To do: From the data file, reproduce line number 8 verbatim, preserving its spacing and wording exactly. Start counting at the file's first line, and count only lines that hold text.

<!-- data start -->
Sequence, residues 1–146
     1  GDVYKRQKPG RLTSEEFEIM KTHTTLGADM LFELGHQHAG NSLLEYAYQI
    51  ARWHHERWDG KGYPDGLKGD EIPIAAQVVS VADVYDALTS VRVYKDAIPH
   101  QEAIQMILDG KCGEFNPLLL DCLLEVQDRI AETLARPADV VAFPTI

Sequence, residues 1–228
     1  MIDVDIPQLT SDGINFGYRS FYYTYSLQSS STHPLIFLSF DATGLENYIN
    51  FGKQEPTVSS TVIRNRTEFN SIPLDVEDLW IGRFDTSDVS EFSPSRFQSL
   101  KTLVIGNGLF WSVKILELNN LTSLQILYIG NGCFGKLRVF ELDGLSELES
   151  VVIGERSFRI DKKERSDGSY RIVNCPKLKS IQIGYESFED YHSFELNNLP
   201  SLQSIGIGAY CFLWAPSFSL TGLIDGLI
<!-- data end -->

   101  KTLVIGNGLF WSVKILELNN LTSLQILYIG NGCFGKLRVF ELDGLSELES